Bill Nye the Science Guy Headed to Trial Against Disney

A Los Angeles judge trims Nye's profits lawsuit but will allow the TV star to pursue punitive damages.
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Bill Nye is now allowed to take limited claims against The Walt Disney Company to trial. On Wednesday, a Los Angeles Superior Court entered an order that sets up the trial, now scheduled for May 2020.

In Nye's fourth amended complaint, he estimates $28 million in damages from the way that Disney allegedly shortchanged him on profits from his 1990s television show Bill Nye the Science Guy. He's also seeking punitive damages arising from how Disney has "a long and consistent pattern of under-reporting revenue and improperly applying deductions."

Disney moved to get the case down to an accounting spectacle and an interpretation of the contract. In a motion for summary adjudication, the defendant raised the incontestability provision of the deal and argued that Nye had suspicions early on and waited too long to object to participation statements. Nye responded that the quarterly profit statements that he received from a Disney subsidiary lacked detail and that he was unable to decipher whether they were complete and accurate. Nye also contended that Disney induced him to spend time, money and other resources on an audit under the false promise he'd be provided with access to the necessary records.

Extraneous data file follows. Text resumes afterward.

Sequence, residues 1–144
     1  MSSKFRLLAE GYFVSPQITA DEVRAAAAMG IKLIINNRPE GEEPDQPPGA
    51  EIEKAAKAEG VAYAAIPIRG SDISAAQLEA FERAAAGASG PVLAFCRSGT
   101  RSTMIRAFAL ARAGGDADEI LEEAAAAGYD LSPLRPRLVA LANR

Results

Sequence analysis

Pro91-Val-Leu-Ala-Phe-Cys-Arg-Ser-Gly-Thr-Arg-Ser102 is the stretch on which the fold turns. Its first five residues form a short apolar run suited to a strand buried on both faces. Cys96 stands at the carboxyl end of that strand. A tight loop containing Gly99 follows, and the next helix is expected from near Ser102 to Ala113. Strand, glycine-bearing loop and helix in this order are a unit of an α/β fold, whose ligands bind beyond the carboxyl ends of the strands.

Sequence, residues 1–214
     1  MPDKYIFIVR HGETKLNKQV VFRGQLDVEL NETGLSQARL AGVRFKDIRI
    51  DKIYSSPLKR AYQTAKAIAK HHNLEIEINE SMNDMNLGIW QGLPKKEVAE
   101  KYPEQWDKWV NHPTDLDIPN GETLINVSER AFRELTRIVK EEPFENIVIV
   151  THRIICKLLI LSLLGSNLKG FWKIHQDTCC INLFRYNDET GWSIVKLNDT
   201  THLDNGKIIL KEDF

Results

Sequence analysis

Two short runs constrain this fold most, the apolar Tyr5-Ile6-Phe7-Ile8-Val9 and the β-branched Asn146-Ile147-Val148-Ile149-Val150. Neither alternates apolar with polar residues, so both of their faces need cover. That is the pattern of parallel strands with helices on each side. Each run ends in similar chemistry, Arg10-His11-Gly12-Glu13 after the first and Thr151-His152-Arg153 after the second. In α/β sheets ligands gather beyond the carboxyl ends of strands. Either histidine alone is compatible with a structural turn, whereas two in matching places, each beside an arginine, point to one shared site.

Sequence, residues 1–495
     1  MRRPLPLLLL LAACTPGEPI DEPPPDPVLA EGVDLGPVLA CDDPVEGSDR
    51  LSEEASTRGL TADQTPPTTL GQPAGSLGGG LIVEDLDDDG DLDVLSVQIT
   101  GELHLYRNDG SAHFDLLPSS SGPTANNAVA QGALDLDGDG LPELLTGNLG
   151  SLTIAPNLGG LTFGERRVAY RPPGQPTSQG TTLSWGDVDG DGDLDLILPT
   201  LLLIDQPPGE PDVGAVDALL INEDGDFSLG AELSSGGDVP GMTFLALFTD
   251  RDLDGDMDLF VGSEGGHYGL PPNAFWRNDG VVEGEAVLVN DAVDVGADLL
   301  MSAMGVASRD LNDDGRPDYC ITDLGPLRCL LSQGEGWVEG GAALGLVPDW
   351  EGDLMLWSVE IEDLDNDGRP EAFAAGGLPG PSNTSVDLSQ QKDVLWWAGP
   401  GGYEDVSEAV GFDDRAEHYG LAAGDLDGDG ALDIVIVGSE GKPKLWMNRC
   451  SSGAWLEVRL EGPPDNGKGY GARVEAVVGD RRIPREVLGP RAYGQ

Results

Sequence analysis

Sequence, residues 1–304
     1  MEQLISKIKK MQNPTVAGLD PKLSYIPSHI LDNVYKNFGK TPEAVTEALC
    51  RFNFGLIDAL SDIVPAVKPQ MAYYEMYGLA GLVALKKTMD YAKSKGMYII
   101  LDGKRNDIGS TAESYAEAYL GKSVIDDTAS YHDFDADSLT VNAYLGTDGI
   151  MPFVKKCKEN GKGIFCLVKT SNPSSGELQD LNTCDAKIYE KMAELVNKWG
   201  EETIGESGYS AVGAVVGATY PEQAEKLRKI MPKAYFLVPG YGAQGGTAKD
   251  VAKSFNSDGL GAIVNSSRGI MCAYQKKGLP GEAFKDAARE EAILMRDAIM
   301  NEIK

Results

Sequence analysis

L.A Superior Court Judge Dalila Lyons has granted summary judgment to Disney with respect to participation statements issued before January 8, 2011.

Although the order lacks detail, that's exactly three years before Nye formally requested an audit. Due to a purported backlog of audits, Disney told Nye he'd have to wait in line for three or four years before the audit began.

Nye will move forward on the more recent participation statements — and the judge also rejects Disney's bid to rule out punitive damages.

Disney does manage to score other wins, however, including escaping the claim that it breached any fiduciary duty toward Nye. 

A 10-day trial is currently estimated, though given the latest ruling, that could be adjusted.